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NUM-INOUS COMICS PT. 2

This essay is a very belated response to a " part 1 " published in February 2015. The gist of that essay was a response to a corre...

Friday, August 5, 2011

THE INTERSUBJECTIVITY SOLUTION

From Wikipedia :

Thomas Scheff defines intersubjectivity as "the sharing of subjective states by two or more individuals."[1]

The term is used in three ways:

1.First, in its weakest sense intersubjectivity refers to agreement. There is intersubjectivity between people if they agree on a given set of meanings or a definition of the situation.
2.Second, and more subtly intersubjectivity refers to the "common-sense," shared meanings constructed by people in their interactions with each other and used as an everyday resource to interpret the meaning of elements of social and cultural life. If people share common sense, then they share a definition of the situation.[2]
3.Third, the term has been used to refer to shared (or partially shared) divergences of meaning. Self-presentation, lying, practical jokes, and social emotions, for example, all entail not a shared definition of the situation, but partially shared divergences of meaning. Someone who is telling a lie is engaged in an intersubjective act because they are working with two different definitions of the situation. Lying is thus genuinely inter-subjective (in the sense of operating between two subjective definitions of reality).


Recently I stumbled across a online discussion in which the participants seemed convinced that one could demonstrate the "objective reality" of critical opinion on art, as against a poster who claimed that all criticism was subjective. None of the challengers exerted themselves to define just what mental procedures one ought to use to test works of art for their artfulness, however.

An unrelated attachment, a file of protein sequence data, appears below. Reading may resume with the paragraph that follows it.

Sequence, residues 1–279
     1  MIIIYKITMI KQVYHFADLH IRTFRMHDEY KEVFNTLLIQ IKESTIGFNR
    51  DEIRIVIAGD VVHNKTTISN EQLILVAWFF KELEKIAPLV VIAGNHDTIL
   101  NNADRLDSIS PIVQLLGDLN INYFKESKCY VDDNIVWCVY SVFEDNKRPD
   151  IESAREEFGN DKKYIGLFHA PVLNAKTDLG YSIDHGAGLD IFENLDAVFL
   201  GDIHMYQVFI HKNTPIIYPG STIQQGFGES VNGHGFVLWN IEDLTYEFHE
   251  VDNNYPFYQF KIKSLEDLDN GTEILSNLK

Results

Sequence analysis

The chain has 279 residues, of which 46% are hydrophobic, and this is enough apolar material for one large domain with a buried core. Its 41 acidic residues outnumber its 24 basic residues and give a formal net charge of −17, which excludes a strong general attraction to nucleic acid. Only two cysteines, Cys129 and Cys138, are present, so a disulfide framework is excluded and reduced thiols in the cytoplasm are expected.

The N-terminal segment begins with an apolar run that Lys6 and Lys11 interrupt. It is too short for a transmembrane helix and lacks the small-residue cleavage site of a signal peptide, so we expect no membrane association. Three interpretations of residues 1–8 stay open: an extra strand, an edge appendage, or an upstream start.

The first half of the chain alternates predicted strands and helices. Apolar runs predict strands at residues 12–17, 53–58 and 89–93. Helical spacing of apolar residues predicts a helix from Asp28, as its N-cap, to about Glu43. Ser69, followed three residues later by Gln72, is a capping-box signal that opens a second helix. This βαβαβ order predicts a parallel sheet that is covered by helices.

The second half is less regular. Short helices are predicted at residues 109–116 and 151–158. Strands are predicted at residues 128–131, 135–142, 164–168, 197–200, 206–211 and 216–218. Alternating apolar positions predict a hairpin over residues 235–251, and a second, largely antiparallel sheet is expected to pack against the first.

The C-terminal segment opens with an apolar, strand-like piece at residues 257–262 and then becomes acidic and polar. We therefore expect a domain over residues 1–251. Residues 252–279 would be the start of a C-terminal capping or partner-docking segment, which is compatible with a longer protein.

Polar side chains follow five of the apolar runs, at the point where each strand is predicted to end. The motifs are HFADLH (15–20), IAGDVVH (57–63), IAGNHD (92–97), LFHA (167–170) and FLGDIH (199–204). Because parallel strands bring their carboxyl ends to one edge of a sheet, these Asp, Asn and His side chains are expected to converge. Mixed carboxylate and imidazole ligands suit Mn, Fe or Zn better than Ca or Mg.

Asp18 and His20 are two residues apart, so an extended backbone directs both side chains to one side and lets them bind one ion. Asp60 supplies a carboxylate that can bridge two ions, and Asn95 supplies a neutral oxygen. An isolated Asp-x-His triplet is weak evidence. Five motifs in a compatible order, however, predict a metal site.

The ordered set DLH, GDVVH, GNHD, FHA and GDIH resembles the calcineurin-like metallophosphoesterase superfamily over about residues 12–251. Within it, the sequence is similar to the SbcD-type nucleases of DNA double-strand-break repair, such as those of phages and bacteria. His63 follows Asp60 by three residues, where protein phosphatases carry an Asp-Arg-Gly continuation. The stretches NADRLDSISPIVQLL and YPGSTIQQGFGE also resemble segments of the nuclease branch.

Kant, as I've mentioned before, made it his project to formulate theories about how one might situate one's faculties of taste defined in terms of *a priori* principles, principles that existed independently of mankind's conditionally motivated *a posteriori* principles.

Kant also attempted to formulate ways in which taste would be considered to have universal applications to all men. I don't think that this condition of universality was necessary to Kant's argument, though it does lend weight to his assertion that art's ability to evoke beauty and the sublime is rooted in *a priori* principles rather than individual taste.

Clearly, the poster arguing pure subjectivity, interpreted through a Kantian lens, would be stating that every critical opinion was conditionally motivated through the individual critic's taste. Presumably any intellectual justifications would merely be reflections of that taste, and therefore they would be within the domain of affects that Kant calls (in CRITIQUE OF JUDGMENT) "the AGREEABLE"-- that is, the purely personal response by which one likes or dislikes an object.